The Bradys 1990-: Enormous
Married…With Children 1987-: Postnuclear
Thirtysomething 1987-: Extended
The Flintstones 1960-66: Modern Stone Age

Family Pet
The Brady Bunch: Tiger
The Bradys: Alice
Married…With Children: Buck
Thirtysomething: Grendel
The Flintstones: Dino

Typical Guest Star
The Brady Bunch: Davey Jones
The Bradys: There’s no room
Married…With Children: Sam Kinison
Thirtysomething: Carly Simon
The Flintstones: Ann Margrock

Expression Of Joy
The Brady Bunch: Groovy!
The Bradys: Ritual hugging
Married…With Children: ”Oh, great.”
Thirtysomething: ”Of course I’m happy for you. Really. But what about me? Why does it always have to be about you?
The Flintstones: ”Yabba-dabba doo

Expression Of Rage

The Brady Bunch: ”Hmmm…”
The Bradys: ”If you back away from something you really want, then you’re a quitter!” (the angriest any Brady has ever been)
Married…With Children: ”Aaagh, God, take me from this miserable life!”
Thirtysomething: ”I’m not angry, OK?”
The Flintstones: ”Willllmaaaa!”

Typical Problem
The Brady Bunch: Marcia and her rival both want to be the prom queen.
The Bradys: Bobby gets paralyzed.
Married…With Children: Al doesn’t buy his family Christmas presents.
Thirtysomething: Nancy gets cancer.
The Flintstones: Fred and Barney are staying out too late.

Typical Solution
The Brady Bunch: The prom committee decides to have two queens.
The Bradys: Bobby gets married.
Married…With Children: They hate him.
Thirtysomething: If only we knew…
The Flintstones: Wilma and Betty decide to follow them.

House Style
The Brady Bunch: Conservative but mod, circa ’69
The Bradys: Conservative but mod, circa ’90
Married…With Children: Roach motel
Thirtysomething: Enviable
The Flintstones: Suburban cave

Clothing Style
The Brady Bunch: Early Osmonds
The Bradys: Made in the USA
Married…With Children: Flammable fabrics
Thirtysomething: Eclectic earth tones; nice ties
The Flintstones: One-piece

Most Annoying Character
The Brady Bunch: Alice’s cousin Emma, the substitute housekeeper (too strict)
The Bradys: Marcia’s husband, Wally (chronically unemployable)
Married…With Children: Steve (supercilious)
Thirtysomething: Ellyn (goes through Hope’s drawers, babbles, changes hairstyle every other week, generally mistreats her friends)
The Flintstones: Mr. Slate (bossy)

Attitude Toward Sex
The Brady Bunch: Never heard of it
The Bradys: Omigod — even Cindy does it!
Married…With Children: Peg: Yes. Al: No.
Thirtysomething: They didn’t get all those kids by accident.
The Flintstones: Prehistoric

How Spouses Fight
The Brady Bunch: They don’t.
The Bradys: Infrequently, but it happens
Married…With Children: Tooth and nail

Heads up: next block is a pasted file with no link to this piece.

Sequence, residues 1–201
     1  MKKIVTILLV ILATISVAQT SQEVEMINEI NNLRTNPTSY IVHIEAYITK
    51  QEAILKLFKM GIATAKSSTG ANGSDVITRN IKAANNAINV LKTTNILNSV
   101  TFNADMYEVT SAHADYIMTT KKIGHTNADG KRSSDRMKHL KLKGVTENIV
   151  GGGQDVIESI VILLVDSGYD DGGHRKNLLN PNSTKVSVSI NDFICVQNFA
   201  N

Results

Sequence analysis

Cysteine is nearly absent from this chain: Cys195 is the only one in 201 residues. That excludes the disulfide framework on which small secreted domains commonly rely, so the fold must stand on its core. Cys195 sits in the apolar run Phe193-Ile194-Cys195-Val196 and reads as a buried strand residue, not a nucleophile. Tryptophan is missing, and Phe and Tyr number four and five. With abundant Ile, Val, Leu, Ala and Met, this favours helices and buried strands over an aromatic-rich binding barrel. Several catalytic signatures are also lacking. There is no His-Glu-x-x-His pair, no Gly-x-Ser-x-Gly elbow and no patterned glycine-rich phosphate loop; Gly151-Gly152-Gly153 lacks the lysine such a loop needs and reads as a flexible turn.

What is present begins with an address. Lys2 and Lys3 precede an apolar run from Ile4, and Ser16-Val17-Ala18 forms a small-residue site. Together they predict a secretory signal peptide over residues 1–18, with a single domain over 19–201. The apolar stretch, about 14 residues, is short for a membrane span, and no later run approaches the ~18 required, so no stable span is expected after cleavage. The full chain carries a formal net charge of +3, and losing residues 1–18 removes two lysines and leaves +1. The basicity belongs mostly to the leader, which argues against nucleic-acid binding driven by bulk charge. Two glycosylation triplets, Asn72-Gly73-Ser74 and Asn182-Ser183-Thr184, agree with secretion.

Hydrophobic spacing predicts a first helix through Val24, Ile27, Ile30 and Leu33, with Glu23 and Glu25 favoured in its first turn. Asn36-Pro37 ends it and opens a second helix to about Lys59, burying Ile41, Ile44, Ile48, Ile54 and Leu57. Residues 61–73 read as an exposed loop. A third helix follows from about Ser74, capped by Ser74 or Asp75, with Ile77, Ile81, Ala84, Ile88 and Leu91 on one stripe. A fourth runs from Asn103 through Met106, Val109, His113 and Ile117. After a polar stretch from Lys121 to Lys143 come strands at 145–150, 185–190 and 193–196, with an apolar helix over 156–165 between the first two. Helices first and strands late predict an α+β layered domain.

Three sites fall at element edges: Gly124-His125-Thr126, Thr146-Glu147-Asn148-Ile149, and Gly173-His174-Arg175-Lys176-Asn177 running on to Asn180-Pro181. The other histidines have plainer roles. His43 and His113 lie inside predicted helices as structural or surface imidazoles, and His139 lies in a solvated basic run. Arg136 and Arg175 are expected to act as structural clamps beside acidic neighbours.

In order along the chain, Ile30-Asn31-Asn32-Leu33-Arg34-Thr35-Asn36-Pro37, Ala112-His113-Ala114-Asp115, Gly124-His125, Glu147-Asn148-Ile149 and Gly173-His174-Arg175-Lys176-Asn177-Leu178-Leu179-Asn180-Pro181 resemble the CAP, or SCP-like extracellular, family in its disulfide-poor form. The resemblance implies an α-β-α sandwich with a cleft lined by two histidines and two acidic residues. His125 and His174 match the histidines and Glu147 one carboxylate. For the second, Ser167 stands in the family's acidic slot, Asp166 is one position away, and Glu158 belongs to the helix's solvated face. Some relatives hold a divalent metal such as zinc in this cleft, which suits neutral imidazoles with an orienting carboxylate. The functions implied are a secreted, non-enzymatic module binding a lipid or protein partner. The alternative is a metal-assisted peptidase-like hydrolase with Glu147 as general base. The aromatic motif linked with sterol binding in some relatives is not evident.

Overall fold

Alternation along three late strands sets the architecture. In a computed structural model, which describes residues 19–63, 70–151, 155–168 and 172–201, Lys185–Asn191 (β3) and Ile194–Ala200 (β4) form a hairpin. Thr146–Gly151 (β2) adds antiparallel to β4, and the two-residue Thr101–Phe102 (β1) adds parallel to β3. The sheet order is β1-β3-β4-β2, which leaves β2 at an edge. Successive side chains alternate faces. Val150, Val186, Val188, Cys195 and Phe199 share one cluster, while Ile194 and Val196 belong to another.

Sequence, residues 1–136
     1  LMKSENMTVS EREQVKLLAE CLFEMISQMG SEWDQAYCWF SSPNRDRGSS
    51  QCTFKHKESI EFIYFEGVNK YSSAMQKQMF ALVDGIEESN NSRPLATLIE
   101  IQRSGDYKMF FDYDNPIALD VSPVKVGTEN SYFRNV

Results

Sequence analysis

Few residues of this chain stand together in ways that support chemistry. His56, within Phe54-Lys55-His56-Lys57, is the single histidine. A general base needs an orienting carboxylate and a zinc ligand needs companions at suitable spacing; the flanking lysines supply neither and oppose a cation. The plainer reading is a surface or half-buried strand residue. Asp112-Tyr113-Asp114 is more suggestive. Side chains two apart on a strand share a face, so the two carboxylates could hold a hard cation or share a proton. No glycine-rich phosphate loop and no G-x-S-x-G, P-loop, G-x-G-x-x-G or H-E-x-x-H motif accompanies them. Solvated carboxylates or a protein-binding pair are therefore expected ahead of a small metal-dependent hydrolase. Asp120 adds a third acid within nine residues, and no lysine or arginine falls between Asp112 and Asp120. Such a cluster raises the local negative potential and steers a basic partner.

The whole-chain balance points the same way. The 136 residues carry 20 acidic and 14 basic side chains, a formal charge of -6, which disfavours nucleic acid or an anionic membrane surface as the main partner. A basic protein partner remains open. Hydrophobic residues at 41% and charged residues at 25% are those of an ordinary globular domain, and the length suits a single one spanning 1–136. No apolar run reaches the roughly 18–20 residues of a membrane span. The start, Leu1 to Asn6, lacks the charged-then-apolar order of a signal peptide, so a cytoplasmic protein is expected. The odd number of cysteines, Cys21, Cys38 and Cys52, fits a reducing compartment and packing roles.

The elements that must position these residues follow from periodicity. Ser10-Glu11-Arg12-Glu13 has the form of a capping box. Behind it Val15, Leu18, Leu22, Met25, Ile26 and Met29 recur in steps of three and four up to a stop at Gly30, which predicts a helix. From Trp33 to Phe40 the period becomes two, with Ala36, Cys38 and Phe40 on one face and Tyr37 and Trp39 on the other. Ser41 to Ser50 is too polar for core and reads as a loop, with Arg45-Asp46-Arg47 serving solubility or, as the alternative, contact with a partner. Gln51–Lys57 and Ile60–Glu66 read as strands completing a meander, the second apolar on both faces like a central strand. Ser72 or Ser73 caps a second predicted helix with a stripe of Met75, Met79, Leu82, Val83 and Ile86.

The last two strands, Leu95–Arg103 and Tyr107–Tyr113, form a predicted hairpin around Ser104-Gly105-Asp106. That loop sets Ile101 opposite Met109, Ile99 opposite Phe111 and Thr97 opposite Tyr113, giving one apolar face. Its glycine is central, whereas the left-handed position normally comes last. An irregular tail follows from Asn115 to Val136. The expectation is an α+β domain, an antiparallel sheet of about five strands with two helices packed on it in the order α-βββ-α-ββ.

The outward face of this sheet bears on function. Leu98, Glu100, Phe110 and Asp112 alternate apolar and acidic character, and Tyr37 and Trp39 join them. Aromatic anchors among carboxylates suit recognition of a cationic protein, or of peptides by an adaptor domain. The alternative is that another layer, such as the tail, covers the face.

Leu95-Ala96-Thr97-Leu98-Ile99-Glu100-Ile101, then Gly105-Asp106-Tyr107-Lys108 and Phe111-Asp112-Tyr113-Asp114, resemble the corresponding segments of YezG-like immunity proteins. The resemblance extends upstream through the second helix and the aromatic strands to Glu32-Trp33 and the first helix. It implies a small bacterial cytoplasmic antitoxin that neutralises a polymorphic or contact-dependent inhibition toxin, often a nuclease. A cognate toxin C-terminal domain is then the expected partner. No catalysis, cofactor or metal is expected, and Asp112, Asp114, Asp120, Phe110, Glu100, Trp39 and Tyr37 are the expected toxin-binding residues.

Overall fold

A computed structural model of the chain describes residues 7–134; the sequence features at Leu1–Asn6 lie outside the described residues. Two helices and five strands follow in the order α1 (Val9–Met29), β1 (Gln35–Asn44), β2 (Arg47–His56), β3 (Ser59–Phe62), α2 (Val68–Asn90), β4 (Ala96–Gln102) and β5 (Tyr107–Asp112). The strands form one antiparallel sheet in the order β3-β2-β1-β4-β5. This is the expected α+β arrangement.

Thirtysomething: They stop talking
The Flintstones: Fred and Barney go bowling while Wilma and Betty max out their charge cards.

How Kids Get Into Trouble
The Brady Bunch: Greg takes a puff of a cigarette.
The Bradys: Carol’s grandson steals her business cards and sticks them in the spokes of Bobby’s wheelchair.
Married…With Children: By committing felonies
Thirtysomething: Ethan plays with a forbidden toy rocket.
The Flintstones: They don’t.

How They’re Punished

The Brady Bunch: ”It’s not what you did, honey — it’s that you couldn’t come to us.”
The Bradys ”Next time, ask.”
Married…With Children: By the authorities
Thirtysomething: It blows up in his face.
The Flintstones: They’re not.

What Family Does For Fun
The Brady Bunch: Takes special three-part vacations to Hawaii and the Grand Canyon
The Bradys: Has flashbacks
Married…With Children: Exchanges insults
Thirtysomething: Talks
The Flintstones: Attends showings of The Monster at the Bedrock Drive-In

Unsolved Mysteries
The Brady Bunch: How exactly did Carol’s first husband and Mike’s first wife die?
The Bradys: What’s with Marcia’s new face and Bobby’s blonde hair
Married…With Children: What kind of hair spray does Peg use?
Thirtysomething: Why did Nancy take Elliot back? What do Gary and Susanna see in each other?
The Flintstones: How does Barney’s shirt stay on if he has no shoulders? Where do Fred and Wilma plug in their TV?

Worst Behavior
The Brady Bunch: The Brady children once made Alice feel under-appreciated.

The Bradys: Marcia’s son Mickey watches Bobby’s car-crash tape for fun.
Married…With Children: The Bundy’s kill their neighbor’s dog.
Thirtysomething: Elliot has an affair and talks about it.
The Flintstones: Characters don’t wear under-clothes.

Best Reason To Watch
The Brady Bunch: This is what life should be.
The Bradys: They’re all grown-ups now!
Married…With Children: Terry Rakolta hates it.
Thirtysomething (Tie) This is your life. This isn’t your life.
The Flintstones: This is what life might have been.

Best Reason Not To Watch
The Brady Bunch: Blurred vision from rerun overdoses.
The Bradys: You’re all grown-ups now.
Married…With Children: She has a point.
Thirtysomething: After a while, you think it’s real.
The Flintstones: The Simpsons